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Professor Wei Fan and his graduate student Hong Je Cho, both of the UMass Amherst Chemical Engineering Department, are part of a multi-institutional research team that has invented a new technology to produce automobile tires from trees and grasses. The new process could potentially shift the tire industry toward using renewable resources found right in people’s backyards. The research has attracted plenty of media coverage in scientific media, including Phys.org, R&D magazine, Biomass magazine, Science Daily, Minnesota Ag Connection, Ohio Ag Connection, Lab Manager, Rubber World, and SpecialChem4bio.com. The research is led by former UMass Chemical Engineering Professor Paul Dauenhauer, now at the University of Minnesota.

Professor John Klier, head of the UMass Amherst Chemical Engineering Department, has added yet another distinguished accomplishment to his record by being selected as a Fellow of the National Academy of Inventors (NAI). The NAI Fellows Selection Committee chose Klier for induction because he has “demonstrated a highly prolific spirit of innovation in creating or facilitating outstanding inventions that have made a tangible impact on quality of life, economic development, and the welfare of society.”

Assistant Professor Sarah Perry of the Chemical Engineering (ChE) Department and ChE Department Head John Klier are the co-principal-investigators on a research project in collaboration with Camco Manufacturing of Leominster to identify environmentally benign windshield-washer fluids as viable alternatives to those containing volatile organic compounds (VOCs). VOCs are a significant source of environmental pollution and contribute to ground-level ozone and smog.

Shelly Peyton, chemical engineering, and Jae-Hwang Lee, mechanical engineering, are part of a team working to understand cavitation damage in soft tissues and gels with $2.6 million grant from the Office of Naval Research. Read more from the UMass News Office.

The College of Engineering At UMass Amherst is pleased to welcome four new faculty members, beginning in the spring semester of 2017. All four have impeccable credentials and a track record of eye-catching accomplishments. The new arrivals are Emily Kumpel of the Civil and Environmental Engineering (CEE) Department, Amir Arbabi of the Electrical and Computer Engineering (ECE) Department, Lauren Woodruff of the Chemical Engineering (ChE) Department, and Jay Taneja of the ECE Department.

Professor Michael Henson, a faculty member in the Chemical Engineering Department at the University of Massachusetts Amherst, is the principal investigator for a three-university collaborative project, which involves creating mathematical models of “circadian rhythm” generation to better understand sleep disorders and other diseases triggered by the malfunction of this 24-hour “body clock” in humans. The research is being supported by a very significant, four-year, $1,809,385 grant from the National Institutes of Health (NIH).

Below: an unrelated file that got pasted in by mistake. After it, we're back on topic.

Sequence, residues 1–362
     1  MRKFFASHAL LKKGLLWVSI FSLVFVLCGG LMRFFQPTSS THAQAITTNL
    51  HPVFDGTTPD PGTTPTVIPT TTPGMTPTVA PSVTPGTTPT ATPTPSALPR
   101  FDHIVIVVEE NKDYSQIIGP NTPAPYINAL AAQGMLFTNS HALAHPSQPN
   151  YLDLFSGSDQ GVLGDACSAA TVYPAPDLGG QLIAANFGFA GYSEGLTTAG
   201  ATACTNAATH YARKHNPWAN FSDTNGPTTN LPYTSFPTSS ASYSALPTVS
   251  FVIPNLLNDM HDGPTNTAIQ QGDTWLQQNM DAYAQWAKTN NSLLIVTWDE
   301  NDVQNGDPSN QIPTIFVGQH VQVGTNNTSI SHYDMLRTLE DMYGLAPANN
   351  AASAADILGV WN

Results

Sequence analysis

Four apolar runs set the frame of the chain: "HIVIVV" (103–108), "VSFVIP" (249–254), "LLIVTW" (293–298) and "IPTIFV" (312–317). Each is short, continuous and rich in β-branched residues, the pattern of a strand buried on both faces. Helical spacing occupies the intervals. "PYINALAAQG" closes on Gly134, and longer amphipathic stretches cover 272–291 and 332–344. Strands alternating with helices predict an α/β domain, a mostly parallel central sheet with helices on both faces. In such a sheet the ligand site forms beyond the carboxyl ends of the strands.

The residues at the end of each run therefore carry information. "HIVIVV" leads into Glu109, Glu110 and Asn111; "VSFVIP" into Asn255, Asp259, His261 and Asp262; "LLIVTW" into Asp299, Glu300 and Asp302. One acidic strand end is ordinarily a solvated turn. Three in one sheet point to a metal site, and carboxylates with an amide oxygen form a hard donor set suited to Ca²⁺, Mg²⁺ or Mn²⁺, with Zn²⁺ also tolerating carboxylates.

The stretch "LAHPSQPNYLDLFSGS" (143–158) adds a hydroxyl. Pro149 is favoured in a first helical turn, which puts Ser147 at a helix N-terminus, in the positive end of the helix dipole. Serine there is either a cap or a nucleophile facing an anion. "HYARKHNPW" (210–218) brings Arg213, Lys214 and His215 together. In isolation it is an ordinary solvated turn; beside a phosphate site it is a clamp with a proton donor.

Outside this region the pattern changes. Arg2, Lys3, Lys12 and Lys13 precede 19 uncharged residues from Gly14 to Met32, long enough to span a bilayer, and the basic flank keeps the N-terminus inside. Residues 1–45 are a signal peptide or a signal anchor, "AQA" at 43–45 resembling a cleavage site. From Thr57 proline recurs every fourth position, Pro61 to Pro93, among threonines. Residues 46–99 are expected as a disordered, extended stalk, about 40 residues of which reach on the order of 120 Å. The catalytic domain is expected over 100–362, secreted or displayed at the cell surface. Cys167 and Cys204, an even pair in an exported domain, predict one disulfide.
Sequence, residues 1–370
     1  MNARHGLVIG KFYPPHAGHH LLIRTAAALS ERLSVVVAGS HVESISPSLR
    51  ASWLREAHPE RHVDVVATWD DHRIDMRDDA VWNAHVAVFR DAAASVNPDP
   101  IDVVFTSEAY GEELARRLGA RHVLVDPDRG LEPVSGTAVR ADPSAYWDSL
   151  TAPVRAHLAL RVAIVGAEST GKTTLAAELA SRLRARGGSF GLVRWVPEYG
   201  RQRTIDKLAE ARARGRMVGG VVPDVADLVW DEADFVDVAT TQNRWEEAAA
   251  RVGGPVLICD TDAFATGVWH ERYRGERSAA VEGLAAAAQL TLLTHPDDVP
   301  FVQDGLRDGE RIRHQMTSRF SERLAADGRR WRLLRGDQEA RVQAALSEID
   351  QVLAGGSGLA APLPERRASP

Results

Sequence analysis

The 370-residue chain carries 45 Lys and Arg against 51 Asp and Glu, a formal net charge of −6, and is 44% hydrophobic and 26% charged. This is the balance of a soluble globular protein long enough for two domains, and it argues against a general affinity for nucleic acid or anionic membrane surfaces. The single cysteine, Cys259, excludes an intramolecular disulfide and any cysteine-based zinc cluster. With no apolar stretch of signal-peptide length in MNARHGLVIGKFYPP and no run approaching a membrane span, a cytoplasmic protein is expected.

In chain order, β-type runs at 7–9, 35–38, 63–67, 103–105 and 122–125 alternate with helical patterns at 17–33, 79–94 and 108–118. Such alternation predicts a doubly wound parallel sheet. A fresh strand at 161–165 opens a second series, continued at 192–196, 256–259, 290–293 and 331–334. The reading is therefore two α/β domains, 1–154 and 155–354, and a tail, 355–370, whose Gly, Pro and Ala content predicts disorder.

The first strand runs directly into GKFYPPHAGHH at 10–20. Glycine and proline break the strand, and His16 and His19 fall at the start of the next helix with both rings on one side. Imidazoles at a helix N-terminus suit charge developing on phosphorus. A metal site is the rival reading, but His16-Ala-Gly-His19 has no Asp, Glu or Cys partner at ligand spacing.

UMass Amherst Chemical Engineering alumna Dr. Sarena Horava, now employed at Triton Systems of Chelmsford, Massachusetts, was the lead author of an article published in the November 30 issue of the International Journal of Pharmaceutics that describes groundbreaking research leading to the first-ever capsule to treat hemophilia. Horava worked on the historic process during her doctoral studies at the University of Texas Austin Cockrell School of Engineering, where she collaborated with Nicholas A. Peppas, the director of UT Austin’s Institute for Biomaterials, Drug Delivery, and Regenerative Medicine and a Cockrell School professor.

UMass Chemical Engineering alumna Christine Seymour, the director in Global Regulatory Chemistry and Manufacturing Controls at Pfizer Inc, has been chosen as the president elect of the American Institute of Chemical Engineers (AIChE) and will take office in 2018. Dr. Seymour will also serve on the AIChE Board of Directors in 2017. 

The UMass News Office reports that Professor Wei Fan of our Chemical Engineering (ChE) Department is a member of the team of chemical engineering researchers that has developed a new environmentally friendly chemical process to make p-xylene, an important ingredient of common plastics. The new method has a 97-percent yield and uses sustainable biomass as the feedstock. P-xylene is currently produced from petroleum. The team also includes UMass ChE doctoral students Hong Je Cho and Vivek Vattipalli.

In a continuing pattern of outstanding undergraduate research, two of the six students chosen as Rising Researchers at UMass for the fall of 2016 are engineers. The Rising Researcher program celebrates undergraduate students who excel in research, scholarship, or creative activity. This semester’s outstanding engineering undergrads named on the biannual list are mechanical engineering major Victor Champagne and physics and chemical engineering major Robert Johnston. Having multiple engineering representatives among the Rising Researchers has become something of a tradition over the past few years.

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